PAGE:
In extraordinary scenes, Hamilton was left as the only car to line up on the starting grid when the other 13 drivers behind him peeled into the pits to switch from intermediate to slick tyres for the standing restart following an early red flag during last Sunday’s race in Hungary.

Mercedes F1 team boss Toto Wolff initially insisted he believed it was “100% the right decision” for Hamilton to take the standing restart and not pit for slicks.

But speaking in Mercedes’ post-race debrief video, technical director Mike Elliott conceded that “clearly in hindsight, we made the wrong choice”.

“You have to bear in mind those decisions are really, really tricky,” Elliott said.

“We agonised over what tyre to fit at the very start of the race, as it turned out the inter was definitely the right choice because it started raining on the lap to the grid.

“We agonised over what tyre to fit after the red flag and clearly all of the cars fitted inters. And on that lap to the grid, even though all the drivers had fitted inters, clearly others decided to change their mind and we should have too.

“But the reality is it’s actually more difficult for us as a team than it is for the other teams. When you are the front car, you can’t see what everybody else is doing. You are the lead car.

“When you are further back in the chain, you can see what others have done and you can change your mind accordingly. You can use that new evidence to your advantage.”

An additional dilemma facing Mercedes was the prospect that Hamilton could have lost ground queuing in the pit lane due to the positioning of the reigning world champions’ pit box, which is located closest to the pit entry.

Mercedes was also worried about getting involved in a potential pit lane collision, as seen with Haas rookie Nikita Mazepin and Alfa Romeo’s Kimi Raikkonen.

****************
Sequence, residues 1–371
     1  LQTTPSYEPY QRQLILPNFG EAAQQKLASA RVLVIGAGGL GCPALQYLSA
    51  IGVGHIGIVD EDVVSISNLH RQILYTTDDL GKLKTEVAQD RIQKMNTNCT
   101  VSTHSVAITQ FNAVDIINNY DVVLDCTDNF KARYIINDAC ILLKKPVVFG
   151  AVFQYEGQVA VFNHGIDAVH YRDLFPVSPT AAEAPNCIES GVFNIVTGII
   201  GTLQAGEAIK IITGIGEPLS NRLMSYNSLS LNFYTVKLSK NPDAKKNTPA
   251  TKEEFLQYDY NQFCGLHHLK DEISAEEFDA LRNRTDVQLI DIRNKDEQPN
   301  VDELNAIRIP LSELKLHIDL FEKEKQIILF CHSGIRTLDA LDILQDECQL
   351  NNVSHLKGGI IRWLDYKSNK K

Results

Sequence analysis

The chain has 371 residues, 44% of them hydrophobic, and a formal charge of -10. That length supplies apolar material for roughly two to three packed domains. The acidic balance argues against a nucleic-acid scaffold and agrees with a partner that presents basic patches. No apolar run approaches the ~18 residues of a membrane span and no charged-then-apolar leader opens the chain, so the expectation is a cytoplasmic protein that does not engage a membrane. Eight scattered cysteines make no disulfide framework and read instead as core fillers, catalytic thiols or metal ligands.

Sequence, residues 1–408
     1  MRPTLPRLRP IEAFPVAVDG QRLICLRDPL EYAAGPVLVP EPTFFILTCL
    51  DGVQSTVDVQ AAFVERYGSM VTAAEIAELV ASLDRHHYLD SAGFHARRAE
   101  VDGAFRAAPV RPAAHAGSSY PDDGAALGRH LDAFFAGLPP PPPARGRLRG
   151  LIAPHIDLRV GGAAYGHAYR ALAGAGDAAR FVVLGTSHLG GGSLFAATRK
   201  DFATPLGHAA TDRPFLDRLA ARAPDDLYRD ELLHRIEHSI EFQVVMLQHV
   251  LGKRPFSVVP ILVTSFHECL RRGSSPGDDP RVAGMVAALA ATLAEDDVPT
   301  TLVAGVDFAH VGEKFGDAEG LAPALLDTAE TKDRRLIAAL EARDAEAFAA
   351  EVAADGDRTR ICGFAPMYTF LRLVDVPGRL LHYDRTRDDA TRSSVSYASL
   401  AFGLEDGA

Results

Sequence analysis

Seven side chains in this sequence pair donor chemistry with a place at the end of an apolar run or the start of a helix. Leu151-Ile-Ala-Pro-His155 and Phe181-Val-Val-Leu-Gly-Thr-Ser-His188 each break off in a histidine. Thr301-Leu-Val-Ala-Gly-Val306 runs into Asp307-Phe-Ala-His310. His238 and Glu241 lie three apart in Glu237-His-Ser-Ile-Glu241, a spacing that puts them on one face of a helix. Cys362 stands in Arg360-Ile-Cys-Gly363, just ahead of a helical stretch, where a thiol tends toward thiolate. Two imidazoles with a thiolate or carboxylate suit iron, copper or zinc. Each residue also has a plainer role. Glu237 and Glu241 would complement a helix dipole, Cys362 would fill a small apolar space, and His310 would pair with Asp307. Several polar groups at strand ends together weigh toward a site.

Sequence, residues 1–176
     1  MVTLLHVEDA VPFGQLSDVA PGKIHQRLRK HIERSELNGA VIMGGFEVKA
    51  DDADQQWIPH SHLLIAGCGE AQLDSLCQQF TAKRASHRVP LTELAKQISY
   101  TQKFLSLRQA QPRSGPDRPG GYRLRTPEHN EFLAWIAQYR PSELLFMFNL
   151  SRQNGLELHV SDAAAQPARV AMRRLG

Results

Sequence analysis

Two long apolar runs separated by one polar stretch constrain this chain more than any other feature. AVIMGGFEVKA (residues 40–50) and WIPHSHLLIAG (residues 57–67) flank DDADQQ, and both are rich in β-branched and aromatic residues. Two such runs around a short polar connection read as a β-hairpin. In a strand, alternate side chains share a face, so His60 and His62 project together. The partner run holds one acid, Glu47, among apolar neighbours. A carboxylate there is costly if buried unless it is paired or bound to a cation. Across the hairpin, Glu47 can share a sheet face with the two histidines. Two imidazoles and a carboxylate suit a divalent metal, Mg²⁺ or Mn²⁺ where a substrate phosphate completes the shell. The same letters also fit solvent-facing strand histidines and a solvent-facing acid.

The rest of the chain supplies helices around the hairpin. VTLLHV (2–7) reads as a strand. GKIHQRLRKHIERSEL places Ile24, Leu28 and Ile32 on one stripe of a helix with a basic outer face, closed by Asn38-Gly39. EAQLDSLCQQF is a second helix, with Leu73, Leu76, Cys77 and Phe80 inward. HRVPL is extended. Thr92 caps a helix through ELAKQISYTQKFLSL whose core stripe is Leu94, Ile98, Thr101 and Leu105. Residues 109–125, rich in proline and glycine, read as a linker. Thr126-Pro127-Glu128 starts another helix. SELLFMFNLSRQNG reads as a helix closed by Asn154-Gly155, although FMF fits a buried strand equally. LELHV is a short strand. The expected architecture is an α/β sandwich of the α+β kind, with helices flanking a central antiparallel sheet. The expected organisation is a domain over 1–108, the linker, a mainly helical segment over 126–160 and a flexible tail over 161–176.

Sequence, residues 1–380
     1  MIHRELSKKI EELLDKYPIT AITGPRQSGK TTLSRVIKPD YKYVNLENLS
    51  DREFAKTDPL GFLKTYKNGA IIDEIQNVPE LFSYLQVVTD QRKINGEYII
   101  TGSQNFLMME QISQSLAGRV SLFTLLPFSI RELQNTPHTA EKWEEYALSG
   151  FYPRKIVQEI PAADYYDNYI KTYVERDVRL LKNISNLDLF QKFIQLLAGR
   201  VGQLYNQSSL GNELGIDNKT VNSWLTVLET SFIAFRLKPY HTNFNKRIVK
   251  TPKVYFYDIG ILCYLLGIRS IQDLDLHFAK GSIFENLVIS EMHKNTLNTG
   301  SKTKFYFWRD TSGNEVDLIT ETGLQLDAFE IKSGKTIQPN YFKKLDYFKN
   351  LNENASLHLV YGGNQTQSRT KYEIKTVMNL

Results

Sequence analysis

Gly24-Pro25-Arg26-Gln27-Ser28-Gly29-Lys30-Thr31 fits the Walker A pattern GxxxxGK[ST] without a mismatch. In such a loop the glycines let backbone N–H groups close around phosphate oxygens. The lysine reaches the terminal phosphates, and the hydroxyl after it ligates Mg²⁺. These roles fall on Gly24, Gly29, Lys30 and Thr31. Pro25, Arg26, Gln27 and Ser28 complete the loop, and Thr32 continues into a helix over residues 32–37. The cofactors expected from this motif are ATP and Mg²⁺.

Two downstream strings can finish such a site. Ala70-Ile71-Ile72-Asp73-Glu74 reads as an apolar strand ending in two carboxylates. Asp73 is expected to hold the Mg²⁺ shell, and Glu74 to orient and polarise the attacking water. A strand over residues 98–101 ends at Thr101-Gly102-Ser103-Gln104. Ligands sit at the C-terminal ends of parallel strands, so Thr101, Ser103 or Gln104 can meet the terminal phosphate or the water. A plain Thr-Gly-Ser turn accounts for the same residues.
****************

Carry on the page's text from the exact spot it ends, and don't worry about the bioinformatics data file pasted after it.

“The second problem for us is that we have the first pitbox in the pitlane,” Elliott explained. “So, as we’d have come into the pit lane and we’d boxed, all the cars would have been pouring past and it would have been very difficult for Lewis to get out and that would have delayed us.

“The second problem with that is if we had tried to force our way out into the pitlane we could have collided with another car and we actually saw that happen in that sequence of pitstops.

“What we were looking at is, what is the best strategy for us? And actually, we were thinking that we wanted to be conservative with that. Our main rival was further back and what we needed to do was to not make a silly mistake and end up crashing into another car.

“As it happened, we would have been better off pitting, even if we had to wait to the back of the queue.”

Mercedes believe Hamilton would have dropped to around sixth had he come into the pits along with the other 13 cars.

“It's quite difficult to know because it really depends on trying to find a gap in the pit lane to get out of your pit box,” Elliot said.

“We think P5, P6, maybe something like that. But probably as I said before, really, the bigger risk for us was colliding with another car in the pit lane trying to force our way out and we would have had to have been conservative.”

Having dropped to 14th when he came in for slicks at the end of the first racing lap, Hamilton eventually recovered to third.

The seven-time world champion was promoted to runner-up behind Esteban Ocon following Sebastian Vettel’s disqualification for a post-race fuel infringement.